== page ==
Monday, May 23, 2016

Preacher’s Study – Year C, Proper 4 (9) 2016

The Preacher’s Study

2nd Sunday after Pentecost, 2016

John W.B. Hill  

1 Kings 18.20-21, (22-29), 30-39;
Psalm 96;
Galatians 1.1-12;
Luke 7.1-10

This Sunday we enter ‘ordinary time,’ and the Revised Common Lectionary offers a unique opportunity, from now until late November, to attend to three different voices of scripture, each in sustained discourse (that is, if we are using the semicontinuous readings for the Old Testament).

This is the moment, therefore, to take stock of such opportunities and choose homiletic strategies that can make the most of them.

This being the ‘Year of Luke’ (the version of the Gospel known especially for its compassion for those who are in trouble, and its attention to what God is doing in history), the Old Testament readings chosen to accompany this gospel are from the prophets, from Elijah to Haggai, with Jeremiah as the dominant voice.  Prophets are people who see what the rest of us miss, who speak truth to power, who summon us to return to the ways of God.

How then shall we honour the unique character of the lectionary during this stretch of the year?  How shall we help God’s people to weigh the cumulative force of three persistent voices, from Sunday to Sunday? 

First, we can stay alert to the recurring resonances, and draw attention to them.  This Sunday, for example, we encounter contrasts between a true prophet and false prophets, between a genuine apostle and self-serving apostles, between a teacher who speaks with authority and the scribes and teachers of the law.

Second, we can look ahead to discover how to seize the best moment for gathering up the elements (extended over a number of Sunday’s) of one particular scriptural voice, inviting people to integrate what they are hearing from week to week.  It is not necessary to preach on the Gospel text every Sunday — so long as we make clear that it is a gospel lens through which we look to discover the deepest meaning of a text.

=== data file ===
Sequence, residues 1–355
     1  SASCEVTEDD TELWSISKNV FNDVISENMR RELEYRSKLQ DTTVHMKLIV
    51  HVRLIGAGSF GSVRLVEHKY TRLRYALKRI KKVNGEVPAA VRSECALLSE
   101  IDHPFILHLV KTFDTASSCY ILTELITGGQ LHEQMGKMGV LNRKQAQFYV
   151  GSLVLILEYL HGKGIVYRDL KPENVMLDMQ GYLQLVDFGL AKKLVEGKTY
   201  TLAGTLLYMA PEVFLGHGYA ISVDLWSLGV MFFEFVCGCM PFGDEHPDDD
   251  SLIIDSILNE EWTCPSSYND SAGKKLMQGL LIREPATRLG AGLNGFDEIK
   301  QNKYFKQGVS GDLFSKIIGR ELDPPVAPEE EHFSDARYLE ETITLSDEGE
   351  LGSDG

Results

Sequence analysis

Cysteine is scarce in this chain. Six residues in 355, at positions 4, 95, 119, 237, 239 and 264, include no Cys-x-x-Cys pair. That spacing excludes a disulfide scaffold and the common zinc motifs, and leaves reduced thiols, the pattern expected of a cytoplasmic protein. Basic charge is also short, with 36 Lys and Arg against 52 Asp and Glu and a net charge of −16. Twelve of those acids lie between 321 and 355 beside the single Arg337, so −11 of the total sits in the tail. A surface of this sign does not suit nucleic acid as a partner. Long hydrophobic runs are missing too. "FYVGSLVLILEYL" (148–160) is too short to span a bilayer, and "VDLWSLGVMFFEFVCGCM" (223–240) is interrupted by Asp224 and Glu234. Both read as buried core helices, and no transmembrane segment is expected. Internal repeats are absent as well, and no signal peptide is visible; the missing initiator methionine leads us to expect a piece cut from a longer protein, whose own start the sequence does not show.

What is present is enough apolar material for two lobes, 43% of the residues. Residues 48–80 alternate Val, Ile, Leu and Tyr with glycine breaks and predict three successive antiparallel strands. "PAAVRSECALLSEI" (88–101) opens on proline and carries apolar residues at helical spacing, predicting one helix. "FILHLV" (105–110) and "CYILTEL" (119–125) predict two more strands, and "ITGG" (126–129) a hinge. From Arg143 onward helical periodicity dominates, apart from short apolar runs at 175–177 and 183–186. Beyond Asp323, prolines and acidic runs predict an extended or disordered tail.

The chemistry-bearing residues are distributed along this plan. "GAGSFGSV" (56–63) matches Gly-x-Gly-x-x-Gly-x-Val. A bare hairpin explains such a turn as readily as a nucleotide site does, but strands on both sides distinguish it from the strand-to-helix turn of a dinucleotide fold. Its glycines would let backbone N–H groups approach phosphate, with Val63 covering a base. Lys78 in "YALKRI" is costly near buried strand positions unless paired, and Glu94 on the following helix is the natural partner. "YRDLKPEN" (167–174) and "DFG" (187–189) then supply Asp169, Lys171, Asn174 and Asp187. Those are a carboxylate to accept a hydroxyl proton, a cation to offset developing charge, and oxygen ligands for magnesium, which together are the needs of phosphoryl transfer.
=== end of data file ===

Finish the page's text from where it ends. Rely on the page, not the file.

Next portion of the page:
This Sunday’s readings call us to courageous faith.  Elijah’s challenge to the prophets of Baal is a high-risk public drama designed to puncture the undiscriminating assumption that all forms of piety are equally valid.  But the preacher may wish to wait before commenting at any length until the second half of this story is told (on June 12).

Paul’s challenge to the disciples in Galatia is no less heated than Elijah’s challenge to his fellow Israelites.  His appeal to them will be spelled out in readings from this letter over six Sundays, so this may be the moment to introduce the letter and help people to hear the extreme tone of Paul’s concern.  Does it really make a difference what you believe about the ways of God?

Sometimes it takes a stranger in our midst to awaken us to the unique revelation with which we have been entrusted, to break through our dazed familiarity with the gospel.  So it was in the episode recounted in today’s Gospel reading: a Gentile, a hard-bitten centurion no less, has recognized something in Jesus to which his fellow Israelites are still blind.

John W. B. Hill is an Anglican presbyter living in Toronto, Canada. He is a Council member of APLM, chair of Liturgy Canada, and author of one of the first Anglican sources for catechumenal practice.

The above depictions of Elijah’s challenge of “the 450 prophets of Baal and the 400 prophets of Asherah who eat at Jezebel’s table” (1 Kings 18:19) were found on the walls of the third-century C.E. synagogue at Dura-Europos in modern Syria.

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